The Tree-Water Connection at One Water Leadership Summit, September 23 – 26

Even though our name is TreePeople, our organization is as focused on the city’s watershed as we are on its individual trees. After all, the forest has always been nature’s water supply and pollution clean-up system. I’ll be shedding light on how that works in Los Angeles—and the many benefits to our environment, community and economy—when I speak at the One Water Leadership Summit in Los Angeles, September 23-26. I’m looking forward to this chance to engage in the national dialogue on water and the urban environment and share some of the lessons from TreePeople’s work in building the new local water supply for our city.

The One Water Leadership Summit is organized annually by the U.S. Water Alliance’s Urban Water Sustainability Council. The Council seeks to connect the dots among water, land use, parks, forests, transportation, energy and other sectors around a goal of revitalizing cities with multi-benefit projects.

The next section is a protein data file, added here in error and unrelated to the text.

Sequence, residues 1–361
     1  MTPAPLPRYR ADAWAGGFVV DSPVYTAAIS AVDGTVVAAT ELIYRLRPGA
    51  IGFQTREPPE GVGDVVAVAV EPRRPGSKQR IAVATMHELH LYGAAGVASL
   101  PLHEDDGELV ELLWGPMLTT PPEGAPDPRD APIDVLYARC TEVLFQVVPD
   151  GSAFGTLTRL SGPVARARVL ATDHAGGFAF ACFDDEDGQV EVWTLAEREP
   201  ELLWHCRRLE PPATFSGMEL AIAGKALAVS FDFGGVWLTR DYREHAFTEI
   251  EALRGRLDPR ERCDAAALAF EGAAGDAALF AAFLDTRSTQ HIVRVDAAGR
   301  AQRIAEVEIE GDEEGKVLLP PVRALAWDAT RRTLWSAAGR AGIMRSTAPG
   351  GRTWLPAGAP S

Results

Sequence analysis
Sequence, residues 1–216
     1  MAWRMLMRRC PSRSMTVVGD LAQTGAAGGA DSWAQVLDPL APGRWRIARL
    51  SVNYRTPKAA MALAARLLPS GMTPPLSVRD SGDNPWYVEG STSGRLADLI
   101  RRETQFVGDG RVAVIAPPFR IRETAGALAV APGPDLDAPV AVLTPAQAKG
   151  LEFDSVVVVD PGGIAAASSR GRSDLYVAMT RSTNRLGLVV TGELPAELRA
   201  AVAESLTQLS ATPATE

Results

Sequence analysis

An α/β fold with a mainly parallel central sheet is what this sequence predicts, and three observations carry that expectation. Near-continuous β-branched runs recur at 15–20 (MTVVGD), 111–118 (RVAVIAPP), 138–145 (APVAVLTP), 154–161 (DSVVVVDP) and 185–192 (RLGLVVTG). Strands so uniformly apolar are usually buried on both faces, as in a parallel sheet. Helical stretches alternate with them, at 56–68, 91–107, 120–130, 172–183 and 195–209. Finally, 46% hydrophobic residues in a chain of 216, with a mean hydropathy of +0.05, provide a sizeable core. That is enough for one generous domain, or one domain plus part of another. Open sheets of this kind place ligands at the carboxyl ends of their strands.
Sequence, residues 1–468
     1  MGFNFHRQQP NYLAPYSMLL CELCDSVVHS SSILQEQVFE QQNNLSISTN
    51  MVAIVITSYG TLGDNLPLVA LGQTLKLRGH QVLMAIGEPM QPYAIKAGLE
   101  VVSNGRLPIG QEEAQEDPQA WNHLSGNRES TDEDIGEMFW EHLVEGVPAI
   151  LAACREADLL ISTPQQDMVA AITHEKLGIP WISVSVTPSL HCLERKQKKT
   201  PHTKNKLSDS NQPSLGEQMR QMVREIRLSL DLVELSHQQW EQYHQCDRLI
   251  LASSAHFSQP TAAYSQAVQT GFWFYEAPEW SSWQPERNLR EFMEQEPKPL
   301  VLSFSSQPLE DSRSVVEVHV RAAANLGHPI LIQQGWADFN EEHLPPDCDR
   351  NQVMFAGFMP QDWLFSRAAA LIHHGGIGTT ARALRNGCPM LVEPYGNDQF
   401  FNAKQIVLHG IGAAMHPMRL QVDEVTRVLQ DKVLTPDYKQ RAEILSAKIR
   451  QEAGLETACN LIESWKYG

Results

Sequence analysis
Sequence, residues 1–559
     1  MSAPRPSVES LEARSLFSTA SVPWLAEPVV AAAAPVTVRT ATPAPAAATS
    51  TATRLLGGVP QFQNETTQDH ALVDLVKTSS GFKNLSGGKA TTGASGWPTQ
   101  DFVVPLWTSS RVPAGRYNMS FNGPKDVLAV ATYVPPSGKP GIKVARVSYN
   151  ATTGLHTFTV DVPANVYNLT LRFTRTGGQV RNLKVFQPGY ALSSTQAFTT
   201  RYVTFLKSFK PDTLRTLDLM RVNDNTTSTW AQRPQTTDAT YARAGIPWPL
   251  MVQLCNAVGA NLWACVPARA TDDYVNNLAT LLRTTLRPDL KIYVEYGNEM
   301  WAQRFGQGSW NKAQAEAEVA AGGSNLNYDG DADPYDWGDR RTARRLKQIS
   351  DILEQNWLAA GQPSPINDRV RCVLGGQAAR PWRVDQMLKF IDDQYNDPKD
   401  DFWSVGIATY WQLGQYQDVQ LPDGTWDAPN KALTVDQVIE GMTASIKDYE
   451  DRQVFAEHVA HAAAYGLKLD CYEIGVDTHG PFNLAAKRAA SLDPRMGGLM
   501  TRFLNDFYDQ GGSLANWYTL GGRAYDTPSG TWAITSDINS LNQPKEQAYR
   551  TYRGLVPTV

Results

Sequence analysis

That Monday afternoon, I will serve on a panel titled “Updates to Federal Stormwater Policy: Implications and Benefits” moderated by Katherine Baer, Senior Director of Clean Water and Water Supply at American Rivers. And to kick-off Thursday morning, Climate Resolve Executive Director Jonathan Parfrey and I are teaming-up to tell “The LA Water Story—Yesterday, Today & Tomorrow.”

From spotlight community panels to multi-disciplinary presentations and strategic sidebars to roundtable discussions, there’s going to be something for everyone.

Fellow leaders, activists and concerned citizens, I encourage you to register today.

By Andy Lipkis

Andy Lipkis is a practical visionary who has dedicated his life to healing the environment while improving the lives of individuals and communities. He founded TreePeople in Los Angeles in 1973 at age 18 and continues to serve as its President. Andy has spearheaded an approach using trees and forest-inspired technologies to make cities sustainable while mitigating floods, drought, pollution, and climate change. Called “Functioning Community Forests,” it is being demonstrated in L.A. as a model for cities everywhere.